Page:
Gus Alva: Helping Latinos Heal from Parkinson’s Through Storytelling


gus alva

Living with a cognitive disease is difficult because of how it impacts you and those around you. It can create a stigma, which prevents people from seeking help. This stigma can be worse for Latinos, who face cultural barriers and are often affected by these disorders at a high rate. That’s why physicians like Dr. Gus Alva are trying to help Latinos heal from diseases like Parkinson’s. He teamed up with Acadia Pharmaceuticals and StoryCorps nonprofit for the “Yours, Truly” campaign, a bilingual effort to use multicultural storytelling to bring awareness to the non-motor symptoms of Parkinson’s disease. “This campaign is quite important because it really lends to the public an opportunity of being able through storytelling to convey some very important information ...

Read More

How Can Omega 3 Fish Oil Supplements Help Postmenopausal Breast Cancer Patients?


Clinical Trial Graphics 2

Omega 3 fatty acids are essential nutrients. Studies show omega 3 fish oil—which contains both docosahexaenoic acid (DHA) and eicosapentaenoic acid—may help lower blood pressure, slow the development of plaque in the arteries, and reduce the likelihood of heart attack and stroke. With the rising popularity of omega 3 fish oil supplements, researchers are conducting clinical trials to test their benefits for other health issues. This is why Dr. Andrew Brenner and his team at UT Health San Antonio are seeking volunteers for his clinical trial to explore of how omega 3 fatty acids can impact postmenopausal breast cancer patients. “Fish oil supplements with omega 3 fatty acids have been shown to stop or slow down the growth and development of breast cancer cells in ...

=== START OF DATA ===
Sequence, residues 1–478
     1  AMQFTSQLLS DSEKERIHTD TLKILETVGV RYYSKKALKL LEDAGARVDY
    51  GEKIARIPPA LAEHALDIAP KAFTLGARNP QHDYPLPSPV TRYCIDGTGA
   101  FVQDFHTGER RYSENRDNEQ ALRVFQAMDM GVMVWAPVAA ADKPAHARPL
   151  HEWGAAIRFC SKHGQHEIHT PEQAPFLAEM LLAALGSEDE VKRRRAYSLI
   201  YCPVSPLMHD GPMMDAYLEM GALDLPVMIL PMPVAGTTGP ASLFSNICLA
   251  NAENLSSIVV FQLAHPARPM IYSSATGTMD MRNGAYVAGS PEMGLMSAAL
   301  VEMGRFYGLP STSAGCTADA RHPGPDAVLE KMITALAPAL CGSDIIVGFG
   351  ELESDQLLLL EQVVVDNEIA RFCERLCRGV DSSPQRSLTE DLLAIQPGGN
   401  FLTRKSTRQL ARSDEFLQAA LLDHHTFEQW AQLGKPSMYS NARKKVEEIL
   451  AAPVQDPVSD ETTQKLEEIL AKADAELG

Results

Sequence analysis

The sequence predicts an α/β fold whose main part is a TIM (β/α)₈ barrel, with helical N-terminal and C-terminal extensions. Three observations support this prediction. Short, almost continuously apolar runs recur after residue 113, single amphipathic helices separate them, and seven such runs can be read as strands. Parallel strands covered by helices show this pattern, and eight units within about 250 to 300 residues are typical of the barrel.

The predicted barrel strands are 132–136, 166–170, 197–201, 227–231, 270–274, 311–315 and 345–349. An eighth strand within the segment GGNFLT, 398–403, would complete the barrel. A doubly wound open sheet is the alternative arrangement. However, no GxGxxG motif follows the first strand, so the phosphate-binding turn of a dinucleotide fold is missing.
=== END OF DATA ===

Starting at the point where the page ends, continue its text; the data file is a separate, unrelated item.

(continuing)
Read More

Latino Congressional Leaders Call for Methane Reform 


Latino Congressional Methane Reform 

Methane gas emissions have been on the rise over the past 15 years, according to recent numbers published by National Oceanic & Atmospheric Administration.   Methane can deprive the body of oxygen and cause fatigue, dizziness, convulsions, and even death.   What makes this especially bad news is that 1.81 million Latino Americans live within a half-mile of an oil and gas well, which raises their risk of methane exposure.  This is why 16 members of the Congressional Hispanic Caucus are calling on the Environmental Protection Agency (EPA) to tighten its rules on methane emissions.  “[U]nder the current proposal, operators that calculate lower potential emissions (less than 3 tons per year of methane) could still escape regular leak monitoring. This is problematic ...

Read More

Study: Poor Kidney Function Linked to Dementia


Study: Poor Kidney Function Linked to Dementia

Declining kidney function is strongly linked to dementia, according to a 10-year study of older adults. This has negative implications for Latinos, who are not only at a high risk for Alzheimer’s and related dementias, but also for chronic kidney disease (CKD). “The kidneys and the brain, both being end organs, are thought to be susceptible to vascular damage due to similar anatomic and hemodynamic features,” according to the researchers. Learn more about what the study found on the link between poor kidney function and dementia, why Latinos are disproportionately affected by these diseases, and how we can help further the research of Latino chronic disease through clinical trials. What Did the Study Find on Kidney Function and Dementia? Researchers from the University ...

Read More